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Old 02-16-2022, 10:52 AM
imagineer imagineer is offline
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Default What process & prep.

Small project for the weekend.

I’m going to be welding 2 pieces of ~3” x 8” x .345” thick steel channel, 10” long, together to make a short rectangle tube. It’s going to be a trolley chassis for a 1000lb shop hoist. The welds will not be subject to the weight being lifted, but will just be holding the chassis together.

Available weapons of choice:
- Miller Diversion 165 TIG with Argon & 3/32” ER70S-6 filler
- Lincoln Weld-Pak 155 MIG (with gas kit) using 75%Ar/25%CO2 & .035” ER70S-6 wire. Also available E71T-GS Flux-Core wire (I believe it’s .045”).

Questions:
MIG or TIG? If MIG, should use straight MIG or dual shield (DCEN and weld with flux core and shielding gas)?
Would it be better to bevel and weld both inside and out, or just bevel and weld from the outside? Note, the weld along the bottom will be ground flush.
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  #2  
Old 02-16-2022, 11:40 AM
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Shade Tree Welder Shade Tree Welder is offline
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Well it looks like there will be some lateral load on it as the wheels and I beam
are beveled. Any of the processes will work. I would weld both the inside and
outside for complete fusion. Weld the inside first get 100% penetration then
welded the outside to complete.

It is a critical component, so overkill is good.
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Old 02-16-2022, 11:55 AM
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I think I'd grind the top flat and weld a strip of 2" flat bar on top of the weld.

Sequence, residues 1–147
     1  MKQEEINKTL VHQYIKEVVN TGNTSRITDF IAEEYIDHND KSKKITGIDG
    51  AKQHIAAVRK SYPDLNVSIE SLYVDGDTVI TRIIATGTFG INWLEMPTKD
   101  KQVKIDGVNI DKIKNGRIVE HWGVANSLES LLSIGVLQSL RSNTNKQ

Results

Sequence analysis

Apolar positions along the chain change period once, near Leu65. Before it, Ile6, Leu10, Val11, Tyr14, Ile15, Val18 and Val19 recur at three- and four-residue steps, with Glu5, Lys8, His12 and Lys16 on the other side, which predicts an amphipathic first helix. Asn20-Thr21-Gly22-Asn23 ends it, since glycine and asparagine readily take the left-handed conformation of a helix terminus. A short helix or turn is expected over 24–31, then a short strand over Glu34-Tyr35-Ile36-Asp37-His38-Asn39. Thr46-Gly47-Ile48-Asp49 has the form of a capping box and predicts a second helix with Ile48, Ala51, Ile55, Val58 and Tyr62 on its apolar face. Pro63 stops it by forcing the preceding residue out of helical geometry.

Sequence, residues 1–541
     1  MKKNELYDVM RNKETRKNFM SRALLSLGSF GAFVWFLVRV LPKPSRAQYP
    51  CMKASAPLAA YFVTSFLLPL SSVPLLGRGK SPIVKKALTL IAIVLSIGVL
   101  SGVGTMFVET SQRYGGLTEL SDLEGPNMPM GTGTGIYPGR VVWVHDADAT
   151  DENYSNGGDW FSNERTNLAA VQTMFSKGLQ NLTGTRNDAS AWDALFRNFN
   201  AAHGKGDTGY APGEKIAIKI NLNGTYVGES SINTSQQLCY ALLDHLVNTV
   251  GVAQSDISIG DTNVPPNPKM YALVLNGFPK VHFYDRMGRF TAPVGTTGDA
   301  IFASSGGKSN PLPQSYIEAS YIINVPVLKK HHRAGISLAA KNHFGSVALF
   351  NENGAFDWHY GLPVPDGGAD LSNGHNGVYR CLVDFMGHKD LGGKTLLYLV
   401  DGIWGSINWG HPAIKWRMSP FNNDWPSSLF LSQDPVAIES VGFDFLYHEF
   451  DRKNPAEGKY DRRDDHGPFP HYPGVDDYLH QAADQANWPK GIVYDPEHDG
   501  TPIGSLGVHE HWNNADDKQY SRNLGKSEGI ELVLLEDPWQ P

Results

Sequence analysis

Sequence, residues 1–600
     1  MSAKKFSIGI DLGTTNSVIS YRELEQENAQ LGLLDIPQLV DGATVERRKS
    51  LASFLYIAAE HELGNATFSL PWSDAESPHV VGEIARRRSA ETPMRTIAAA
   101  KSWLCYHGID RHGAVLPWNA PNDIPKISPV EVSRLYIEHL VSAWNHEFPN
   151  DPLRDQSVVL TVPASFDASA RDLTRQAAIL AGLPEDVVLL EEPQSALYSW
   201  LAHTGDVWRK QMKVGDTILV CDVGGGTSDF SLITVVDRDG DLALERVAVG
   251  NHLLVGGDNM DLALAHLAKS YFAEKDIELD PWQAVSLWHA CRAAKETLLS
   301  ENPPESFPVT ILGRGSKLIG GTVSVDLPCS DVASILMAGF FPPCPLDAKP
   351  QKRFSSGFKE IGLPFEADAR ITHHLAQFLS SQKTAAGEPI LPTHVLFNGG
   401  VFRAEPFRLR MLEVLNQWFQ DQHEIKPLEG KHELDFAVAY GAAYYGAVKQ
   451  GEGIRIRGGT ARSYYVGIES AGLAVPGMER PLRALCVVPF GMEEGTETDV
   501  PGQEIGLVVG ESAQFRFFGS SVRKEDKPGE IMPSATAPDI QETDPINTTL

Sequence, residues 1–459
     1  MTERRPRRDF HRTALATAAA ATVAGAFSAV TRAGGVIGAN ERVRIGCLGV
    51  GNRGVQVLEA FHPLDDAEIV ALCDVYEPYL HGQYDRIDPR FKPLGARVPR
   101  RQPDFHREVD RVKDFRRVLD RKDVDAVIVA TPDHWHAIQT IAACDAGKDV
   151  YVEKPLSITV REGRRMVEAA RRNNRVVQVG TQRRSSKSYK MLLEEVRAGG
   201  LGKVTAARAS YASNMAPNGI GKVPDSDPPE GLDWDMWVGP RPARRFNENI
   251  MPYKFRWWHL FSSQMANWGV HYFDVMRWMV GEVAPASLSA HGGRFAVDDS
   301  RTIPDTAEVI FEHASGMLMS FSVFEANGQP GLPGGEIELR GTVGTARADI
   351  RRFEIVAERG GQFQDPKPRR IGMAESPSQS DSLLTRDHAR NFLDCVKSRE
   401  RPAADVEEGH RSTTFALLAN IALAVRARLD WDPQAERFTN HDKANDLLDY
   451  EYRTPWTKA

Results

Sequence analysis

It would probably add little or nothing in engineering terms, but it'd make me feel better
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Old 02-16-2022, 12:31 PM
imagineer imagineer is offline
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Quote:
Originally Posted by JohnBoy View Post
I think I'd grind the top flat and weld a strip of 2" flat bar on top of the weld.

It would probably add little or nothing in engineering terms, but it'd make me feel better
No available clearance above the tube. I'll have about 1/4" or so clearance on the inside if a strip of material is needed.
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Old 02-16-2022, 12:58 PM
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Quote:
Originally Posted by Shade Tree Welder View Post
...Well it looks like there will be some lateral load on it as the wheels and I beam
are beveled...
While this is true think about how most crane trolleys are built. They use two pieces of plate held apart the right distance by two spacers with a couple skookum bolts to hold everything together--no welds at all.

Quote:
It is a critical component, so overkill is good.
Yup, when in doubt add a little more material or a little extra weld. For a backyard engineer it's always a good maxim to follow.

Quote:
Originally Posted by JohnBoy View Post
I think I'd grind the top flat and weld a strip of 2" flat bar on top of the weld.

It would probably add little or nothing in engineering terms, but it'd make me feel better
On the contrary, it would add significantly to the strength. The purpose of the welds is to keep the two pieces of channel from separating. A strip of flat bar spanning the welded joint would would add greatly to the strength.